Question: I’m bothered by what happened with we Anabaptists in the Reformation (rebellion) 500 years ago. As a group, is there hope for we who left to be reunited back to an ancient branch of the church? In a collective way, can what has been done be undone? Would it take individuals journeying back to a Catholic church, or could some sort of collective reconciliation be made?

Fr. Anthony: The Orthodox identify themselves as the Church that acknowledges the unbroken Tradition of the Church from the very beginning of apostolic times. The Church has been forced by error to articulate aspects of that same faith in the form of the Nicaean Creed for example, and by other general councils of the Church that had to address false versions of the Gospel—the presbyter Arius’ claim that the Son of God was a created God, that there was a time when He was not—and so on. No one in any culture and in any tradition is automatically excluded from the communion of the saints that is the Orthodox Church. But since the Anabaptists were a 16th-century innovation of how the Gospel is understood, and they broke with the Latin Church whose bishop in Rome had already left the communion of the Orthodox. So the Anabaptists were never in communion with the Orthodox, and hence it is probably not correct to talk of “reconciliation,” but rather of how and whether the Anabaptists individually or collectively can accept the unbroken Tradition of Orthodoxy which in some aspects, would understand why for example, the peace testimony of the Anabaptists attempts to do justice to the early Church’s desire to witness to Christ’s own teachings as the God who forgives, who is merciful, who does not wish the death of any sinner.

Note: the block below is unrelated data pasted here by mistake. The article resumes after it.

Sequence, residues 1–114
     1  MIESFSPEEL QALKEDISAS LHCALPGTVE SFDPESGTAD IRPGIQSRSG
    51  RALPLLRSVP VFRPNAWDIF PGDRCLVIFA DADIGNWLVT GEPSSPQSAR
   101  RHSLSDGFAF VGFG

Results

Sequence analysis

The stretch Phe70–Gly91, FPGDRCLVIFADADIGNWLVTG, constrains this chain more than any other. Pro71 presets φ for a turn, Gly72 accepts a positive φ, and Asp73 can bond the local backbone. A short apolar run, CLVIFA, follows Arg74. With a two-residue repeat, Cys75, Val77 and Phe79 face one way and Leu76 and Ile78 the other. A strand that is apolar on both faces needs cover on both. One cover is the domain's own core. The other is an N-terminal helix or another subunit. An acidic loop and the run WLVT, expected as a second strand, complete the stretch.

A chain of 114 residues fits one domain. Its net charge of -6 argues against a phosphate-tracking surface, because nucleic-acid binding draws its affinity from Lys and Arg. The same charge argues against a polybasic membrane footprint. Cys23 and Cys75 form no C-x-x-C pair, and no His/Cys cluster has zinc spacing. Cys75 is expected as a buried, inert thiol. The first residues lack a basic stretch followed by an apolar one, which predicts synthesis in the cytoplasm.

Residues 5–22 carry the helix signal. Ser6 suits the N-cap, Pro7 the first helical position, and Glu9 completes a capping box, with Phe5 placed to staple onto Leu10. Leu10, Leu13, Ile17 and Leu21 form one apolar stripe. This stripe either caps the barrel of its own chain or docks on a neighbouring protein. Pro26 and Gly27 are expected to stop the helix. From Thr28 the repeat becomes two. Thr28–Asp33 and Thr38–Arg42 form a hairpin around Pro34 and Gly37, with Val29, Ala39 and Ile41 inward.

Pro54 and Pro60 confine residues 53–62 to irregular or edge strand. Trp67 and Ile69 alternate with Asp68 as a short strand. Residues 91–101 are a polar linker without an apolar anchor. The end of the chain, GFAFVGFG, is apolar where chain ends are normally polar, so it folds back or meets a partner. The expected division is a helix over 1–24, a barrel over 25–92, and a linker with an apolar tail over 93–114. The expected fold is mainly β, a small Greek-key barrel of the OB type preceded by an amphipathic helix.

Question: Since the Reformation, Anabaptist churches have been plagued by schism. How/why is the Orthodox church free from this? What does she have that we don’t?